Buildings shook and glass shattered as a bomb spewed shrapnel in the Chelsea section of Manhattan on Saturday night. First responders and strangers rushed in to help dozens of injured bystanders, and soon, an unexploded device was found a few blocks north.

Across the country at a Minnesota mall the same night, a man stabbed nine people before he was shot to death. In New Jersey earlier in the day, a pipe bomb exploded during a charity running race, but resulted in no injuries.

The incidents underscored a sense of vulnerability that New Yorkers are familiar with: Such violence could happen anywhere at any time.

The city coped quickly. Twenty-nine people who suffered injuries on 23rd Street were treated on the scene or at hospitals. All were soon released.

Setting a tone of measured preparedness, Mayor Bill de Blasio and new Police Commissioner James O’Neill urged the public to cooperate with law enforcement. O’Neill noted the department’s work in foiling 20 plots against New York City since 9/11.

Whether or not all 20 of those plots were true threats to the city, the NYPD is well-suited to thwart organizations plotting large-scale attacks. But there seems to be little law enforcement can do to stop smaller attacks and less organized actors, no matter what grievance inspires their violence. That was true in the bombing at the Boston Marathon in 2013, and when a car bomb failed to detonate in Times Square in May 2010.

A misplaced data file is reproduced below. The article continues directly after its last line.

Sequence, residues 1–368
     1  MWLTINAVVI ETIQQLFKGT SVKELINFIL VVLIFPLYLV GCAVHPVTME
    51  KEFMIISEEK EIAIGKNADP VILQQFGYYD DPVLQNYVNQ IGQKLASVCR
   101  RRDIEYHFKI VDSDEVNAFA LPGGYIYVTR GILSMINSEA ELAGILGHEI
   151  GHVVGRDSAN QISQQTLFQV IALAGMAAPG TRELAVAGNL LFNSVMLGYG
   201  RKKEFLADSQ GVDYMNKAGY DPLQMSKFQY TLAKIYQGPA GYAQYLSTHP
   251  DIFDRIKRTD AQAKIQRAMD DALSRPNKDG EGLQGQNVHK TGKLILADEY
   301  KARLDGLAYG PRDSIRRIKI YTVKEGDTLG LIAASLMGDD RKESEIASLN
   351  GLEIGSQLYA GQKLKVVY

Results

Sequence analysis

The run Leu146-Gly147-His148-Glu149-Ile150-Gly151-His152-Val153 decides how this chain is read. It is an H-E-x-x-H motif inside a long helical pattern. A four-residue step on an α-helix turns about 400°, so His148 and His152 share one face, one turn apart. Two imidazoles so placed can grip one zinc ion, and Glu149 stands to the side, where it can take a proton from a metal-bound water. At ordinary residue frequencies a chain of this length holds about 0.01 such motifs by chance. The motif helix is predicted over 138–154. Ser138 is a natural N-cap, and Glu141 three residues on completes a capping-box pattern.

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Saturday’s bombing could have been far worse. Defending against similar attacks, be they terrorism foreign or domestic, is very difficult. New Yorkers must help police with tips and cooperation.

New York City is the world’s prime terrorist target, so even the suburbs are not safe, as we saw with the Saturday morning bombing in Seaside Park, New Jersey. Regional and interagency cooperation are critical to keeping us safe.

Once again, officials asked New Yorkers to be vigilant. They will be, as they have been before. That cooperation is essential and must continue. — The editorial board